September 25, 2017 |
Futile Treatment in the ICU Puts Other Patients at Risk
August 20, 2014  | 

Los Angeles, CA - Providing futile treatment in the intensive care unit sets off a chain reaction that causes other ill patients needing medical attention to wait for critical care beds, according to a study by researchers from UCLA and RAND Health.

The study is the first to show that when unbeneficial medical care is provided, others who might be able to benefit from treatment are harmed, said study lead author Dr. Thanh Huynh, an assistant professor of medicine in the division of pulmonary and critical care medicine at the David Geffen School of Medicine at UCLA.

The findings also have implications for the fairness of the American healthcare system, and points toward needed policy improvements to more efficiently use limited healthcare resources, said senior author Dr. Neil S. Wenger, a UCLA professor of medicine, a RAND Health scientist and director of the UCLA Health Ethics Center at the David Geffen School of Medicine at UCLA.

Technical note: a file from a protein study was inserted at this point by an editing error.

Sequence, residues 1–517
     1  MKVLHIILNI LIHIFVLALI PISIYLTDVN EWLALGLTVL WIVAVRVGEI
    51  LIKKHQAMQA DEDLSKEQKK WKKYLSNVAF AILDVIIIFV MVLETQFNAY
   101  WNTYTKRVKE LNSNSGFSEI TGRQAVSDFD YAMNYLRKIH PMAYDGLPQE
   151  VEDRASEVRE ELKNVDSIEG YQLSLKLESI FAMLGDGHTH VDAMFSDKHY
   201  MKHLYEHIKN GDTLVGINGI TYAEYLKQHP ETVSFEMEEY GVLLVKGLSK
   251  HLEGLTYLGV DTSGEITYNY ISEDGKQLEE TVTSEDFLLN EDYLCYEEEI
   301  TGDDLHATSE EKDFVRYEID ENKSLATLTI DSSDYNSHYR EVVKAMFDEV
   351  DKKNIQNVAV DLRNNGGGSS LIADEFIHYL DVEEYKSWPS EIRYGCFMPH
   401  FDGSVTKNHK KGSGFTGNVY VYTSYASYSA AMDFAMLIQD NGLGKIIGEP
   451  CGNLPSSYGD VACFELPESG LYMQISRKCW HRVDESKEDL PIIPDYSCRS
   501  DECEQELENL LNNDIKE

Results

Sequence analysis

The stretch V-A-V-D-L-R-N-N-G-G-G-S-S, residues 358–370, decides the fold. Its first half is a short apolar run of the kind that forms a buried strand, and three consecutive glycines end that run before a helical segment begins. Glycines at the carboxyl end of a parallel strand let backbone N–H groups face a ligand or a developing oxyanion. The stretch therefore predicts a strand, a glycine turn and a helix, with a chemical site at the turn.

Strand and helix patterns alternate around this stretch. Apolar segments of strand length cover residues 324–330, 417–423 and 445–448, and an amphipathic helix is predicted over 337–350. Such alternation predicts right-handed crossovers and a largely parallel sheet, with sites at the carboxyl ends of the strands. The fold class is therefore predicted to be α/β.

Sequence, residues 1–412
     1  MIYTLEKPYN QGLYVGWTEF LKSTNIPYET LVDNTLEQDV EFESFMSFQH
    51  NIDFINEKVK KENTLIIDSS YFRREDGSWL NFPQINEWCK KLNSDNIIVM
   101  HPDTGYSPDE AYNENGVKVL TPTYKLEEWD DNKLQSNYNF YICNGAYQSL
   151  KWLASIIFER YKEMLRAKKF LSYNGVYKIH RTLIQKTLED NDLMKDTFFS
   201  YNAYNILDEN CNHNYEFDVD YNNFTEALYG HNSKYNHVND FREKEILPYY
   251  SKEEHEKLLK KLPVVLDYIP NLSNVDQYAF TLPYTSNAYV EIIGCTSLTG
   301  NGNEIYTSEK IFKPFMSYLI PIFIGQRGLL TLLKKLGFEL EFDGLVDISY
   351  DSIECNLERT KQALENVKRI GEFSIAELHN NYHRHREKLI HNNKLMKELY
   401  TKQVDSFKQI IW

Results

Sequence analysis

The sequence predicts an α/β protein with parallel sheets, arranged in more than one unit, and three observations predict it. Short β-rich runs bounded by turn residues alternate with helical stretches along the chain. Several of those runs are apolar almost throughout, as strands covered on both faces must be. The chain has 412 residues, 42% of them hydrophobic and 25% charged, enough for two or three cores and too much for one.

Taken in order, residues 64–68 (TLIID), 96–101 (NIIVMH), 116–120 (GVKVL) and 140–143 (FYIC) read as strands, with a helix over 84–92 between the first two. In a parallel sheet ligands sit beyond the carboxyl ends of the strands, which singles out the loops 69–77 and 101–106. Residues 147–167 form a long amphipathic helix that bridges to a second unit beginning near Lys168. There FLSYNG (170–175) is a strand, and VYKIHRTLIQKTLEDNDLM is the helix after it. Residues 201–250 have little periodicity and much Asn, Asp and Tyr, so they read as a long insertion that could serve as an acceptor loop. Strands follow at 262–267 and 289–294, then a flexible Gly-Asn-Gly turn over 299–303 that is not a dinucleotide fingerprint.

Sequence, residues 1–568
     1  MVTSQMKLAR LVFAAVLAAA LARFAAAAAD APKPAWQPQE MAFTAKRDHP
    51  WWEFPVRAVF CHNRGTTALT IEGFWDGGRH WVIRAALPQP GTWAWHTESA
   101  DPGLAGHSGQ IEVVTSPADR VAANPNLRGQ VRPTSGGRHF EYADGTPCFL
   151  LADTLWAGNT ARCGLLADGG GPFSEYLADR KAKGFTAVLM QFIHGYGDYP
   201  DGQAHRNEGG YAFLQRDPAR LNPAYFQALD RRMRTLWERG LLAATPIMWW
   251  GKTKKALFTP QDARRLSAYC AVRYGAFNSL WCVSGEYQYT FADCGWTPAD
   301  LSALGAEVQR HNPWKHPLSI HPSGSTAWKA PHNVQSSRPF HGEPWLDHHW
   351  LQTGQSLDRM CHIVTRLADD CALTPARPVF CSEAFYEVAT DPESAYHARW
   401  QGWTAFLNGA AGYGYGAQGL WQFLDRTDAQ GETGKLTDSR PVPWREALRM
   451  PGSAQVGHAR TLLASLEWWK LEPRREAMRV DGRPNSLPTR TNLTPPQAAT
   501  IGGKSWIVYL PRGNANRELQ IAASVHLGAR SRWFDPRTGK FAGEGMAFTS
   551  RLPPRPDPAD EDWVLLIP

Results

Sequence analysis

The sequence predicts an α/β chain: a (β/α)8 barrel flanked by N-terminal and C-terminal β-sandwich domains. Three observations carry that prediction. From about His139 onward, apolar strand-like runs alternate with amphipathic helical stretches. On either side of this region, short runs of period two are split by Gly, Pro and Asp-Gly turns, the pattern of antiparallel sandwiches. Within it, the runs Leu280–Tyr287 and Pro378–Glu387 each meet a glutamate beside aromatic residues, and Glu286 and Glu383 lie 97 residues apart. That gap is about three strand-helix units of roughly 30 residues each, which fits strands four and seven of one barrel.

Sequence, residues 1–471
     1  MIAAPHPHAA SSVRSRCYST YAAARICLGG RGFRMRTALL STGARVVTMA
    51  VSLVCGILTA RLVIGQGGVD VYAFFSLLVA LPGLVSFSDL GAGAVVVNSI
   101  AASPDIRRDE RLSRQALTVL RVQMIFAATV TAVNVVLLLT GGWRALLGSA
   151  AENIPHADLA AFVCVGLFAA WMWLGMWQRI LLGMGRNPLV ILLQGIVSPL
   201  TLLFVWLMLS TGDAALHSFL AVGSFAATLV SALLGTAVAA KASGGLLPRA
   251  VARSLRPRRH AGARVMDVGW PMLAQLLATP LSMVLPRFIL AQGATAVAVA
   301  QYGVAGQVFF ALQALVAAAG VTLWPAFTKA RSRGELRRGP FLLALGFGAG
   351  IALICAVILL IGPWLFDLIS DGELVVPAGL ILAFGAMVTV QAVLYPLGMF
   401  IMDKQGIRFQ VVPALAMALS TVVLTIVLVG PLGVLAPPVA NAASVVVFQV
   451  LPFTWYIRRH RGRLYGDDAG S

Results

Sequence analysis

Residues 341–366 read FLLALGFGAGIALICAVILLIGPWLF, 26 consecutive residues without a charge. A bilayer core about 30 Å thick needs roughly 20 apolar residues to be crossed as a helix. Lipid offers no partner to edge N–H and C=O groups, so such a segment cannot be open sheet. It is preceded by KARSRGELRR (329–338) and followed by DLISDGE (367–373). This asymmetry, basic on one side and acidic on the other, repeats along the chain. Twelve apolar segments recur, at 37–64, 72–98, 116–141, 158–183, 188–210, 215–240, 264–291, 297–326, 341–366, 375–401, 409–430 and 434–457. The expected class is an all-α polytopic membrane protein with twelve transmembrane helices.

“Many people do not realize that there is a tension between what medicine is able to do and what medicine should do. Even fewer realize that medicine is commonly used to achieve goals that most people, and perhaps most of society, would not value – such as prolonging the dying process in the intensive care unit when a patient cannot improve,” Wenger said. “But almost no one recognizes that these actions affect other patients, who might receive delayed care or, worse, not receive needed care at all because futile medical treatment was provided to someone else.” Continue>

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